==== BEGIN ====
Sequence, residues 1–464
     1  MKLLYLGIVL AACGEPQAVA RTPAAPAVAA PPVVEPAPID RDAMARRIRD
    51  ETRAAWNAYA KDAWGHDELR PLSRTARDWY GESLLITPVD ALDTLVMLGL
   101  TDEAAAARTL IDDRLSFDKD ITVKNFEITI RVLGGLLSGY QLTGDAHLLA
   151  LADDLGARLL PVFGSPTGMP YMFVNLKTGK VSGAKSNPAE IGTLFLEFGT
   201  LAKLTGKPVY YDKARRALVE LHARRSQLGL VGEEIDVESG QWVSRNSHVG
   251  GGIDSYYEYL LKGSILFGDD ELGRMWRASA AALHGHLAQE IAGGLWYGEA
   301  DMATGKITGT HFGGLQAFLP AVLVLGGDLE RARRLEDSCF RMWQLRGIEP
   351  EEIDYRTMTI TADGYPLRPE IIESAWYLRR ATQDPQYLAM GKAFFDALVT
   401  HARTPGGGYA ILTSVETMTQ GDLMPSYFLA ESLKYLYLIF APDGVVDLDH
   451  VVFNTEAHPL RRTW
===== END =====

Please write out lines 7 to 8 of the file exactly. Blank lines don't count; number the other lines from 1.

   251  GGIDSYYEYL LKGSILFGDD ELGRMWRASA AALHGHLAQE IAGGLWYGEA
   301  DMATGKITGT HFGGLQAFLP AVLVLGGDLE RARRLEDSCF RMWQLRGIEP